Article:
The two-tier structure remained in place until 2006, when the Chapter (Board) of St John Scotland decided it would be best to amalgamate the committees, creating just one committee in each area. This was done to streamline processes and avoid duplication, while simultaneously making it easier for all people involved in St John, whether they were a member of the Order or not, to contribute fully. The change was also intended to create a stronger sense of togetherness across the organisation.
Douglas Dow (pictured next page, back row, third from left), Dunbartonshire Area, recalls that period:
[I] became the Depute Chairman to Donald Fullarton of the St John Order Committee for Dunbartonshire. There were people on both Committees doing the same things… It made a lot more sense; it’s a lot more efficient now than it was, no question about that.
In the Association we had a say in the proposals to the Order Committee, saying we would like to raise money for the Arrochar Mountain Rescue Team, because we raised money for Mountain Rescue at Arrochar long before the Order nationally supported Mountain Rescue. We would have to make a proposal to the Order Committee, who would normally sanction it, and if they had any reservations they went up to HQ. If we needed any money, we would have to refer to them, the Order Committee, to see if they would release money… to spend some money on setting up costs for whatever project we were doing, which would be fundraising. And then when we raised the money, we didn’t keep the money, we gave it to them and it went up to the Order because it was all Order money, and then we had to ask to get it back to hand it over to Mountain Rescue. So, it was a cumbersome bureaucratic process, which I don’t think we needed to do in terms of checks and balances and so forth. I think what we’ve got now is infinitely superior.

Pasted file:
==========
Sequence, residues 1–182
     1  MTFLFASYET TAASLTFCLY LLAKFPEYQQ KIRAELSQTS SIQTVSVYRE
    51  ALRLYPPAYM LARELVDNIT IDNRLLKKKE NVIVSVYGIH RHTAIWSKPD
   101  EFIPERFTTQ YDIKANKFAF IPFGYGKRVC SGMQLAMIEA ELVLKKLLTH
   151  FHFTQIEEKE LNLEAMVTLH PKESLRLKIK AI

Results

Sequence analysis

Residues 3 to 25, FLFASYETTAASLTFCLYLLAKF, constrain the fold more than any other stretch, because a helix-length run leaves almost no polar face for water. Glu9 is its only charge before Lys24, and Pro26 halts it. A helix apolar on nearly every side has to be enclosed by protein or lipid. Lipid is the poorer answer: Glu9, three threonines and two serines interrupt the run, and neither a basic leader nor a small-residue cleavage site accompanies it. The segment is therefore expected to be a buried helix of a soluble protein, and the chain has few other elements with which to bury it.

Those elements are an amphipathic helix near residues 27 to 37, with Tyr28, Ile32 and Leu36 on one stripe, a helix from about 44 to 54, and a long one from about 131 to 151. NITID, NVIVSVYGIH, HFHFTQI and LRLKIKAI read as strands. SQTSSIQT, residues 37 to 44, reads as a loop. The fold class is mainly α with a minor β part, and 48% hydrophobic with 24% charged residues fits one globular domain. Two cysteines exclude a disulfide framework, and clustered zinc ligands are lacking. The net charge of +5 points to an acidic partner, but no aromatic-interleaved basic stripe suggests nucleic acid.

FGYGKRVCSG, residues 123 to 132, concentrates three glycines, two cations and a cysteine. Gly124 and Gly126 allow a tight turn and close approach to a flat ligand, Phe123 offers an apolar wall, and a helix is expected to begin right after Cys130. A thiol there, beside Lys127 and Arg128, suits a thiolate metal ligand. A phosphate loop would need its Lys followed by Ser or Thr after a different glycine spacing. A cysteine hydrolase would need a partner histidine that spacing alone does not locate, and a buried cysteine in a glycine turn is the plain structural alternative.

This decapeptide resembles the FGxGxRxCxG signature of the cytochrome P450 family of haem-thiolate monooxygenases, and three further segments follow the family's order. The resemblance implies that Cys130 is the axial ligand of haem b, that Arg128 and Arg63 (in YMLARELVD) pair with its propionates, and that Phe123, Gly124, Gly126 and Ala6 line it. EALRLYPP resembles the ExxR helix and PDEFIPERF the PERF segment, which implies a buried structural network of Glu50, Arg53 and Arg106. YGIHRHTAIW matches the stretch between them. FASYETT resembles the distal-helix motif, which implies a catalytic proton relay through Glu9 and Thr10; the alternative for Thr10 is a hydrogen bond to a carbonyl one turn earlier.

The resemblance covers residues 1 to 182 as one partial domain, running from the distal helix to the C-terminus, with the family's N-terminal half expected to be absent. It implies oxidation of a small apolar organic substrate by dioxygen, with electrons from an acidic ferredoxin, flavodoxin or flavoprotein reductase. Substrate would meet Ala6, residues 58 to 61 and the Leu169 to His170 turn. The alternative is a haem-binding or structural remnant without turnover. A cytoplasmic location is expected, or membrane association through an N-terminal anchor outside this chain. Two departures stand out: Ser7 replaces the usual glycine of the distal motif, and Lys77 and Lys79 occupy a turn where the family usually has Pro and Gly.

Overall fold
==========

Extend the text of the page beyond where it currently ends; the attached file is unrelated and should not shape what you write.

Alex Craib, Highland, also commented on the change:
Historically, the Association raised the funds, and the Order dispersed the funds. In the Highlands, most people in the Association were members of the Order as well, so we all mixed, and we all worked together for the good of the Order.
It was quite a number of years ago now, I don’t remember the exact year, I do remember that we had a transition from having the two separate organisations to moving into one, and in the Highlands, it was fairly seamless. We had no big problems with the transition from losing the Association to everyone being in the Order.
The relationship between the two sides of the organisation has been reflected in the names it has been known by over the years. Founded in 1947 as the ‘Priory of Scotland of the Most Venerable Order of the Hospital of St John of Jerusalem’ (or ‘Priory of Scotland of the Order of St John’ for short), it conducted charitable activities as the ‘Order of St John’ across Scotland. The Associations would also brand themselves as, for example, the ‘Fife St John Association’, raising funds and organising the events on behalf of the Order.
In the mid-2000s, around the same time the local committees were changing to a single structure, the organisation began to informally use the name ‘St John Scotland’. Some felt it was more attractive (and perhaps memorable) to the general public. In 2017, the organisation became incorporated, legally changing its name for all operations to ‘St John Scotland’. In 2022, in keeping up to date with modern thinking around brand identity but not wishing to lose sight of its origins and traditions, the organisation carries out charitable services as ‘St John Scotland’, and reserves use of the Priory of Scotland of the Order of St John for chivalric and ceremonial activities. For simplicity, those terms will be used throughout the rest of this website.
|Year of establishment
|Aberdeen & North East
|Angus & Dundee
|Ayrshire & Arran
|1972 (as ‘Stirlingshire’)
|Dumfries & Galloway:
|Edinburgh & South East:
|Perth & Kinross
|1969 (as ‘Torphichen’)